• Build Your Own Lisp. It’s a very peculiar book meant to teach you how to use the C language and how to build your own programming language, using a mini-Lisp as the main example. You can read it for free online or buy it. It’s meant you to teach about C, but you already have to be familiar with programming. There is even a picture of Mike Tyson (because… lisp): it’s all so weird, but fascinating.
  • Beautiful Racket: how to make your own programming languages with Racket. It’s a good and continually updated online book on how to use Racket to build a programming language. The book is composed of a series of tutorials and parts of explanation and reference. It’s the kind of book that is technically free, but you should pay for it if you use it.
  • Programming Languages: Application and Interpretation. An interesting book that explains how to create a programming language from scratch using Racket. The author is a teacher, but of the good and understandable kind. In fact, there is also a series of recordings of the companion lectures, that sometimes have questionable audio.
  • Implementing Domain-Specific Languages with Xtext and Xtend, 2nd edition is a great book for people that want to learn with examples and using a test-driven approach. It covers all levels of designing a DSL, from the design of the type system to parsing and building a compiler.
  • Implementing Programming Languages is an introduction to building compilers and interpreters with the JVM as the main target. There are related materials (presentations, source code, etc.) on a dedicated web page. It has a good balance of theory and practice, but it’s explicitly meant as a textbook. So don’t expect much reusable code. It’s the typical textbook also in the sense that it can be a great and productive read if you already have the necessary background (or are a teacher), otherwise, you risk ending up confused.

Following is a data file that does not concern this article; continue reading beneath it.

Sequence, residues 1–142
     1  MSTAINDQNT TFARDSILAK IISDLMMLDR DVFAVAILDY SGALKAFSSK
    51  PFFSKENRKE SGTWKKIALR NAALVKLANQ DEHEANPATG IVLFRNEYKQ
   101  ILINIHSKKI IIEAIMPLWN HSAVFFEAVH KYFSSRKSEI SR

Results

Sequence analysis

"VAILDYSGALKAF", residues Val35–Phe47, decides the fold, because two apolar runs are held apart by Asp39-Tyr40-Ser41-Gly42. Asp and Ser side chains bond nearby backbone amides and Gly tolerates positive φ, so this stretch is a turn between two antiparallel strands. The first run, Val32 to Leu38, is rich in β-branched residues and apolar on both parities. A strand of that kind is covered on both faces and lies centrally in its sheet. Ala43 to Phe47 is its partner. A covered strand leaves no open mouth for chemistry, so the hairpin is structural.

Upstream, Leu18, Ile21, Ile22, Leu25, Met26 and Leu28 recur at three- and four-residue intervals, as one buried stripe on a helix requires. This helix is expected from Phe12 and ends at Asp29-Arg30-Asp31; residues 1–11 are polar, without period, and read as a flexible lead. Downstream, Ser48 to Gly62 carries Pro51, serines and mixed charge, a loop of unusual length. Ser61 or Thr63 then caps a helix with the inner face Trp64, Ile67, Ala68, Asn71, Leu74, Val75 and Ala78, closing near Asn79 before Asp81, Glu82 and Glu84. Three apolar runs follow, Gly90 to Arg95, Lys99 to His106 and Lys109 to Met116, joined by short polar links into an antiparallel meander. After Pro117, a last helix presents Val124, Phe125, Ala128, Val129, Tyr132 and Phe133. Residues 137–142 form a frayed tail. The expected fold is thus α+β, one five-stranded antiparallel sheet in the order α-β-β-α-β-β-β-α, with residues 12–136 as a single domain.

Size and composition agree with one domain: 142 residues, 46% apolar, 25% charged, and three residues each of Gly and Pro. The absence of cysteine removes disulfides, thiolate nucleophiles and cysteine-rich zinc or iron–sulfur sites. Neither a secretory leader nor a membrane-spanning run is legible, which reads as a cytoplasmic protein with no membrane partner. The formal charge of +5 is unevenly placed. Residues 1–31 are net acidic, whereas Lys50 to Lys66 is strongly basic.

• Implementing functional languages: a tutorial. A free book that explains how to create a simple functional programming language from the parsing to the interpreter and compiler. On the other hand: “this book gives a practical approach to understanding implementations of non-strict functional languages using lazy graph reduction.” Also, expect a lot of math.
  • DSL Engineering. A great book that explains the theory and practice of building DSLs using language workbenches, such as MPS and Xtext. This means that other than traditional design aspects, such as parsing and interpreters, it covers things like how to create an IDE or how to test your DSL. It’s especially useful to software engineers because it also discusses software engineering and business related aspects of DSLs. That is to say, it talks about why a company should build a DSL.
  • Lisp in Small Pieces. An interesting book that explains in detail how to design and implement a language of the Lisp family. It describes “11 interpreters and 2 compilers” and many advanced implementation details such as the optimization of the compiler. It’s obviously most useful to people interested in creating a Lisp-related language, but it can be an interesting read for everybody.


In this series (find Part 1 and Part 2 here) you have a complete collection of high-quality resources for creating programming languages. You have just to decide what you are going to read first.

At this point we have two pieces of advice for you:

  1. Get started. It does not matter how many amazing resources we will send you, if you do not take the time to practice, to try and learn from your mistakes, you will never create a programming language.
  2. If you are interested in building programming languages you should subscribe to our newsletter. You will receive updates on new articles, more resources, ideas, advice, and ultimately become part of a community that shares your interests of building languages.

You should have all you need to get started. If you have questions, advice, or ideas to share, feel free to write. We read and answer every email.